Six US troops killed by suicide bomber in Afghanistan
KABUL/WASHINGTON – Six American troops were killed in Afghanistan on Monday when a suicide bomber on a motorbike struck their patrol near Bagram air base, a U.S. official said, in the latest high-profile attack claimed by Taliban insurgents.
Just days ago, the Pentagon warned of deteriorating security in Afghanistan in the second half of 2015 and a rise in the number of effective strikes by Taliban insurgents.
NATO’s Resolute Support mission in Kabul said that the attack killed six Resolute Support troops and wounded three others but declined to provide the nationalities of casualties.
A U.S. official said all six killed were Americans. More than 2,300 U.S. troops have died in the Afghan war since the 2001 invasion.
The police chief of Parwan province said three Afghan police had been wounded in the bombing, which was carried out just days after other suicide attacks on Kandahar air base in southern Afghanistan and on a Spanish embassy guesthouse in the Afghan capital, Kabul.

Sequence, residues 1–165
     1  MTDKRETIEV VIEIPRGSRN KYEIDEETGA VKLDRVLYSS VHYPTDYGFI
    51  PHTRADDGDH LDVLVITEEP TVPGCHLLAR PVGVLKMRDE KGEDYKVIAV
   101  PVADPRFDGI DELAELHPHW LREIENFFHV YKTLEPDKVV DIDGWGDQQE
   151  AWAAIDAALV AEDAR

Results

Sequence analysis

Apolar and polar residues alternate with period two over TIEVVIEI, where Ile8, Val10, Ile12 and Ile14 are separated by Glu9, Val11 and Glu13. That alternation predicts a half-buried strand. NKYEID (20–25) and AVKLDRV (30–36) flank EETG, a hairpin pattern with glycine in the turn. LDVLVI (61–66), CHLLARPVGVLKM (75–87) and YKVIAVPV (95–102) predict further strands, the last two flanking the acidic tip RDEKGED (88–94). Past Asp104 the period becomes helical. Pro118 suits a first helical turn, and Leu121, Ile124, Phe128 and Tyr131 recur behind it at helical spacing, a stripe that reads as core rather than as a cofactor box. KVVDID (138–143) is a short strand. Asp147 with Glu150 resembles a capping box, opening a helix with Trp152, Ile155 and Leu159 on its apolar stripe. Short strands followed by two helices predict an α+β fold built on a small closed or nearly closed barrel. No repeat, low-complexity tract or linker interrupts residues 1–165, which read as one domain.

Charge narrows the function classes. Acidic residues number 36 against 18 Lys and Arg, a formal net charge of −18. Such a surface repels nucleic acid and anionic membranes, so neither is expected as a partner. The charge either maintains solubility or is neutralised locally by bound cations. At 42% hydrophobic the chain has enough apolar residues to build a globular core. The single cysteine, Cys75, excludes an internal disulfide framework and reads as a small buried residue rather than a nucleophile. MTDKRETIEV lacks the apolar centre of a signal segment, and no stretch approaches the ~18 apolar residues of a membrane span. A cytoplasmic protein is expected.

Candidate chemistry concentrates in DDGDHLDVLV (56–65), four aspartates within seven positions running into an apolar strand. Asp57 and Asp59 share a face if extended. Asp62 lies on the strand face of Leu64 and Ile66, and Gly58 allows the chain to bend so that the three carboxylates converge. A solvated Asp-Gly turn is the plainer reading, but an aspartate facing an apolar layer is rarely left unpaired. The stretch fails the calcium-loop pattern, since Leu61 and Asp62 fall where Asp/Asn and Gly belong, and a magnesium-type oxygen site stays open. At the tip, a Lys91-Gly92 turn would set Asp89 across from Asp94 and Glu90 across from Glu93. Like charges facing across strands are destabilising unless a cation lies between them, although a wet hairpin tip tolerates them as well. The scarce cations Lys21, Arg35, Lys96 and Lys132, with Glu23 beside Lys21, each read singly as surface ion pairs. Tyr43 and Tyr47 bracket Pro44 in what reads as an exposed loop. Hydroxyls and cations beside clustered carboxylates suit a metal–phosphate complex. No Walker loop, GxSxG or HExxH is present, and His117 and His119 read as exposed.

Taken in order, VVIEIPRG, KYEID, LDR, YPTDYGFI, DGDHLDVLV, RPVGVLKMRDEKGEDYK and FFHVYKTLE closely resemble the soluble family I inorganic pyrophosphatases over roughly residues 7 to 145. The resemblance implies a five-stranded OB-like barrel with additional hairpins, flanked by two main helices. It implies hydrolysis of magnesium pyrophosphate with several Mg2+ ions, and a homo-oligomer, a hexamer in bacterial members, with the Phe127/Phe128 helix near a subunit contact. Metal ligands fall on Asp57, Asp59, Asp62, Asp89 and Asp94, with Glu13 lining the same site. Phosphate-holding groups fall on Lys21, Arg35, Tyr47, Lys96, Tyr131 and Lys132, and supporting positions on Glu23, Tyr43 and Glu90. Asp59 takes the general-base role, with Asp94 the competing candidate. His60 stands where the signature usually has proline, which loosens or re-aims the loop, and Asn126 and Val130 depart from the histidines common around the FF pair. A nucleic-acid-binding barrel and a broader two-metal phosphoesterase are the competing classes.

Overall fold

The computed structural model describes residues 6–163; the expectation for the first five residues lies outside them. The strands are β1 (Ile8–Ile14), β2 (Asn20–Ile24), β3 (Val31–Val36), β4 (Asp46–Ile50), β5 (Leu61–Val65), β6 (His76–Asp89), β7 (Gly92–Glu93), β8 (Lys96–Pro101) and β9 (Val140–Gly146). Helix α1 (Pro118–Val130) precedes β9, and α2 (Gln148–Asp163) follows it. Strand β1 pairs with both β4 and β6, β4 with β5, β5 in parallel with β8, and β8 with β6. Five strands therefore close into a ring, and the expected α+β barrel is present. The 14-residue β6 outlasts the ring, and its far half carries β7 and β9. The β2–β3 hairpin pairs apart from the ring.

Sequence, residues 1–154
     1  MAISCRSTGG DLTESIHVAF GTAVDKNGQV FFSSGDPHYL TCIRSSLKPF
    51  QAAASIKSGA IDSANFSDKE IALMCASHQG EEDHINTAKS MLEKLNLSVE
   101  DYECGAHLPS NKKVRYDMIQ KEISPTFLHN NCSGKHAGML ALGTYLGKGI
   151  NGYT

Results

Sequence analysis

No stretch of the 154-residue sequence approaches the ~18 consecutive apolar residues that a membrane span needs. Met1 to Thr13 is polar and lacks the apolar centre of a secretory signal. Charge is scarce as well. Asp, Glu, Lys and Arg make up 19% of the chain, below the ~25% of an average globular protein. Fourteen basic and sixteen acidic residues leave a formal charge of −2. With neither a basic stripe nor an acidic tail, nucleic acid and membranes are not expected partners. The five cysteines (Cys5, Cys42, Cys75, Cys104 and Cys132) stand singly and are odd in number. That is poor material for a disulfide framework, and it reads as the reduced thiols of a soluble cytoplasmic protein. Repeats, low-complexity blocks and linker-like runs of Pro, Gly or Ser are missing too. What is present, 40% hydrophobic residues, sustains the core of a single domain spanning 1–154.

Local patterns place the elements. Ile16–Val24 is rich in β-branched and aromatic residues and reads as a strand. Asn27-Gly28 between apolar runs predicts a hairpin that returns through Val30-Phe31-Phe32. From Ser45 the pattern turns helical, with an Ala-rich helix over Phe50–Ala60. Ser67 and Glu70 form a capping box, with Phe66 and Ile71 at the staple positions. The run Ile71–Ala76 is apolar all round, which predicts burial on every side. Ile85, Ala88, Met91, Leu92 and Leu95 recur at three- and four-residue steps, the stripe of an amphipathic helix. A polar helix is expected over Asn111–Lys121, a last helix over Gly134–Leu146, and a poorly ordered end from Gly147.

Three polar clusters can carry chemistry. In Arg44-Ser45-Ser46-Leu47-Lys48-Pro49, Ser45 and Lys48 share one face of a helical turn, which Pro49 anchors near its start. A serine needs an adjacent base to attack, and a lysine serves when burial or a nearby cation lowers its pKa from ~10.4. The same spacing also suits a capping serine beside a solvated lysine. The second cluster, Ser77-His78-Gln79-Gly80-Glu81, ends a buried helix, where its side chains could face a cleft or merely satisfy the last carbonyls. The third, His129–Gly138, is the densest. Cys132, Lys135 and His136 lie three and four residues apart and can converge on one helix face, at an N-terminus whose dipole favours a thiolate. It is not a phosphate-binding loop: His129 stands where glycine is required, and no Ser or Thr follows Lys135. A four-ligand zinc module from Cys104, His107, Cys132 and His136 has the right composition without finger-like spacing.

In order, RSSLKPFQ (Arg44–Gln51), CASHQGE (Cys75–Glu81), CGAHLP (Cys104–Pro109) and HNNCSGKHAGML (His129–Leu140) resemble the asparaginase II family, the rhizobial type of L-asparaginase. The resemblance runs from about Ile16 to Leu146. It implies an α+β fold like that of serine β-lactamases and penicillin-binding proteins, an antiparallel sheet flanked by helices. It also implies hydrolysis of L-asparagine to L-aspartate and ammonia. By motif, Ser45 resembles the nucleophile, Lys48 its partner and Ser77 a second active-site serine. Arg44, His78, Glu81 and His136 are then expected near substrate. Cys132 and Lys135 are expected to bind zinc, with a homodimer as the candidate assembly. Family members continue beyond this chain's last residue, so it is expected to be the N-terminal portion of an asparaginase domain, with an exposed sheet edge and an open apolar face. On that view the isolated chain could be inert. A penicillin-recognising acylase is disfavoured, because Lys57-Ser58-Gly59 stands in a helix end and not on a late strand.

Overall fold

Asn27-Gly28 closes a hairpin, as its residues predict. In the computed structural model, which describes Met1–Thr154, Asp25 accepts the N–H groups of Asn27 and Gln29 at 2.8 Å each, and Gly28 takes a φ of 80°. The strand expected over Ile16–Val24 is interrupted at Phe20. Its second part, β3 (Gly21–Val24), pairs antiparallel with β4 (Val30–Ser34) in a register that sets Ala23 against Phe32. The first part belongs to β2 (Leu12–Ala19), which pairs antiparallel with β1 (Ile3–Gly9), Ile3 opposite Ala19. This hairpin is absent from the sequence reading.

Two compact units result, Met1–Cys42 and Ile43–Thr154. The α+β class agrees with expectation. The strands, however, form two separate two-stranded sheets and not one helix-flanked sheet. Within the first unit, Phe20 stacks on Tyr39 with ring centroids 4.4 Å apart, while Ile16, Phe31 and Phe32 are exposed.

Bagram, around 40 km (25 miles) to the north of Kabul, is one of the main bases for the 9,800 U.S. troops left in Afghanistan after international troops ended combat operations last year.
District Governor Abdul Shukur Qudusi said the suicide bomber detonated his explosives near a joint U.S.-Afghan patrol.
The attack underlined the Taliban’s ability to hit high-profile targets linked to the U.S.-backed government, which wants to reopen the peace process aimed at ending the 14-year-long insurgency.
On Monday, Taliban forces in Helmand closed in on the district of Sangin as they tightened their grip on the volatile southern province.
In a report to the U.S. Congress released last week, the Pentagon said casualties among Afghan national defence and security forces, or ANDSF, rose 27 percent from Jan. 1 to Nov. 15, compared with the same period last year.
Although the Pentagon praised Afghan forces for regaining territory and becoming increasingly capable of staging large-scale operations, it assessed their overall performance as “uneven and mixed.” –Reuters